Prolonged restrictions on Dover trade could have “quite dramatic” ramifications for the UK, the port’s boss has warned. It comes as some of the lorries atuck in Kent have been slapped with parking fines.
Around 4,000 lorries had intended to leave the UK through Dover but arrivals at the port are being met with signs saying “French borders closed”.
France has placed a ban on hauliers crossing the English Channel with their cargo.
Around 950 lorries are currently parked on the M20 – far higher than Boris Johnson’s earlier statement saying there were 174 on the motorway.
New arrivals are being sent to Manston Airport, where there is space for 4,000 lorries, while around 200 other truckers have travelled to Ashford International Truckstop.
Emergency services, Kent County Council and charities have been handing out water and snacks to stranded drivers throughout today.
Talks with France on resuming full trade and transport across the Channel were continuing on Tuesday amid warnings that the border must be running again by Wednesday to avoid disruption to food supplies.
Home Secretary Priti Patel said the Government is “speaking constantly” with France to achieve a resolution “in both our interests” to get freight moving again.
Reports suggest a possible solution could be mass testing of HGV drivers across the Channel, while the BBC reported that plans to reopen the border will come into effect from Wednesday, citing French Europe Minister Clement Beaune.
Andrew Opie, director of food and sustainability at the British Retail Consortium, said the “borders really need to be running pretty much freely from tomorrow to assure us that there won’t be any disruption”.
He told BBC Radio 4’s Today programme: “There is a problem potentially directly after Christmas and that is really in fresh produce, so we’re talking here about things like salad, vegetables, fresh fruit, of which the vast majority come from Europe at this time.
“The problem actually is empty lorries, so the empty lorries which are now stuck in Kent, they need to get back to places like Spain to pick up the next consignment of raspberries and strawberries and they need to get back within the next day or so, otherwise we will see disruption.”
Doug Bannister, chief executive of the Port of Dover, told the PA news agency: “With the news that was released around this new variant that’s in the UK now, clearly what that meant is that a whole lot of people around Europe had to start thinking carefully about this.
“But the one thing that we did see is, certainly during the first lockdown back in March and April, we did see that lorry drivers had been exempt.
“The hope is that governments are in dialogue right now to try and determine what protocols need to be put in place.”
The busy Kent port handles more than £120 billion in trade every year so any disruption could be keenly felt.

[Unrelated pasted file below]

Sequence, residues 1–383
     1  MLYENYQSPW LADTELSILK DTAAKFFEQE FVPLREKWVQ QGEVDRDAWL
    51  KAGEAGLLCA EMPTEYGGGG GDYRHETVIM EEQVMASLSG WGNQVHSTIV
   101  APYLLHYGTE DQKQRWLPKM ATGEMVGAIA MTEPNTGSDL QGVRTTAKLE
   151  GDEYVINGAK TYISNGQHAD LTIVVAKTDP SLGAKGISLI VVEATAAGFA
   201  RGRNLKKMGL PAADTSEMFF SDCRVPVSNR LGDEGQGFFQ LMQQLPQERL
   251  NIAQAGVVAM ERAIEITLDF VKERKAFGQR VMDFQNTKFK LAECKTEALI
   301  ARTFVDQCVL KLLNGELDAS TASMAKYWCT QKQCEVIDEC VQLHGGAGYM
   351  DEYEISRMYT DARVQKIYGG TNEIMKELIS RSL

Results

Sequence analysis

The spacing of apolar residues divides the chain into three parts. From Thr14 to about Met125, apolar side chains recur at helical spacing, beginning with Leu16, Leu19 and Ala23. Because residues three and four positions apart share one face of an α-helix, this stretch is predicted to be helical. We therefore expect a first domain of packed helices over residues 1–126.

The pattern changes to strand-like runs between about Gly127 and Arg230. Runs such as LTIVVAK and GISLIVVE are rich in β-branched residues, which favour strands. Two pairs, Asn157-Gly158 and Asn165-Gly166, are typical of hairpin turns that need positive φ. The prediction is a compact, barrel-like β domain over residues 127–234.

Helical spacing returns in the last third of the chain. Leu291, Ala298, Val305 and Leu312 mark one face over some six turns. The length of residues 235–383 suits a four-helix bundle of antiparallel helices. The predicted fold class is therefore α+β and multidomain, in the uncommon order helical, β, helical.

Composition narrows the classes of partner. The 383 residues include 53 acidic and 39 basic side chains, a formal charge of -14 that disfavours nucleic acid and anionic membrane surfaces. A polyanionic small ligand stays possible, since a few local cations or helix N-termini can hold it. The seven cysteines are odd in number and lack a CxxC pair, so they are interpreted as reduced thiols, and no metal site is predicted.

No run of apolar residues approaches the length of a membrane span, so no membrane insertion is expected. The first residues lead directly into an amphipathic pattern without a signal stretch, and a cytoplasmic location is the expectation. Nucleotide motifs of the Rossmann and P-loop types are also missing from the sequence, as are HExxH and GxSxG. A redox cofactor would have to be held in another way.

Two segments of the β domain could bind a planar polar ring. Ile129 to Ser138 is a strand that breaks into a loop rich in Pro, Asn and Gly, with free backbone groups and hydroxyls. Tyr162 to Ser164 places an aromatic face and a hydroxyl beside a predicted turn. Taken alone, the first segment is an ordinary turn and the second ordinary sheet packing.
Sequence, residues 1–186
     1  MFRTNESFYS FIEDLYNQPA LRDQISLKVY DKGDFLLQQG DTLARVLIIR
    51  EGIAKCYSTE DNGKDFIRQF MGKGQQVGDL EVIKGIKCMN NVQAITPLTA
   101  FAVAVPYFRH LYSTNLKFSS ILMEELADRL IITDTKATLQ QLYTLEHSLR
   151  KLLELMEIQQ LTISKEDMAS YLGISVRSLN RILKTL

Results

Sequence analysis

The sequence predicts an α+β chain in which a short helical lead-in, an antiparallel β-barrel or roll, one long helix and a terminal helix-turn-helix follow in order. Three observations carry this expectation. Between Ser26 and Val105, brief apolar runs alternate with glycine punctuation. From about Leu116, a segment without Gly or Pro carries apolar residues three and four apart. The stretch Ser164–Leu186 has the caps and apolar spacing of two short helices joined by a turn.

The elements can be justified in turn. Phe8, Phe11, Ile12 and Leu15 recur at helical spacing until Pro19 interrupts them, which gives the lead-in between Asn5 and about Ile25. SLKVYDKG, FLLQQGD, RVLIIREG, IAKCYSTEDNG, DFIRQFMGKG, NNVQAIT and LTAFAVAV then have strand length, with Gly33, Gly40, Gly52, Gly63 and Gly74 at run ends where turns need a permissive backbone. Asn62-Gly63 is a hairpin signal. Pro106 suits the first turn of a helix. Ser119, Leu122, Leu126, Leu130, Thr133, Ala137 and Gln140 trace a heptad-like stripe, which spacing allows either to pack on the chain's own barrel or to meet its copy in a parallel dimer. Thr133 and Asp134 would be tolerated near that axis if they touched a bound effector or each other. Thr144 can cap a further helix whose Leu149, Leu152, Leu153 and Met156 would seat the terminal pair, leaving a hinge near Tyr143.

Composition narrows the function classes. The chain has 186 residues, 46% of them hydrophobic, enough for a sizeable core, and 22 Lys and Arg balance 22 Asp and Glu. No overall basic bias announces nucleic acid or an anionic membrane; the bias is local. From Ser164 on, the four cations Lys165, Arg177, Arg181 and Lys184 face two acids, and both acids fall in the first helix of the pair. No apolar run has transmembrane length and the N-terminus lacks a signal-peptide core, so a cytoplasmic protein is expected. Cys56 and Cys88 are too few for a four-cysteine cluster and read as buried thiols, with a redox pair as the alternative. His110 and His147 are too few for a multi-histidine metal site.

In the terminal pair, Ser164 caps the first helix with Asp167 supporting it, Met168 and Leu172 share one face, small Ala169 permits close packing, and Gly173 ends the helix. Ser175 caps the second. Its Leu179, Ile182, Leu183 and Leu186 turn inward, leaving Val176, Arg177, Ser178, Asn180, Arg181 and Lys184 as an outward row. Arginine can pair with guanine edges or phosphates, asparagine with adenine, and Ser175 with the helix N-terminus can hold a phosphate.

“And that’s the scale of the issue and this is trade that’s being denied from both British and European enterprise so a prolonged period will have quite a stark situation.
“Because of the importance of the Dover straits in handling critical goods such as food and other things like that I think it could become quite dramatic.”
As this chaos continues in Kent, causing panic buying and fears for future cross border trade, it has been reported that Lorry drivers are being given penalty charge notices as they wait for restrictions to be lifted.
Folkestone and Hythe District Council confirmed it had dealt out 15 fines to stranded drivers,
Pail McNamara, Business and Global Trade Correspondent for Channel 4 News Tweeted: “Insult to injury… Lorry drivers parked up on roads in Kent slapped with Parking Fines”
As you can imagine there were many reactions on social media
Since you are here
Since you are here, we wanted to ask for your help.
Journalism in Britain is under threat. The government is becoming increasingly authoritarian and our media is run by a handful of billionaires, most of whom reside overseas and all of them have strong political allegiances and financial motivations.
Our mission is to hold the powerful to account. It is vital that free media is allowed to exist to expose hypocrisy, corruption, wrongdoing and abuse of power. But we can't do it without you.
If you can afford to contribute a small donation to the site it will help us to continue our work in the best interests of the public. We only ask you to donate what you can afford, with an option to cancel your subscription at any point.
To donate or subscribe to The London Economic, click here.
The TLE shop is also now open, with all profits going to supporting our work.
The shop can be found here.
You can also SUBSCRIBE TO OUR NEWSLETTER .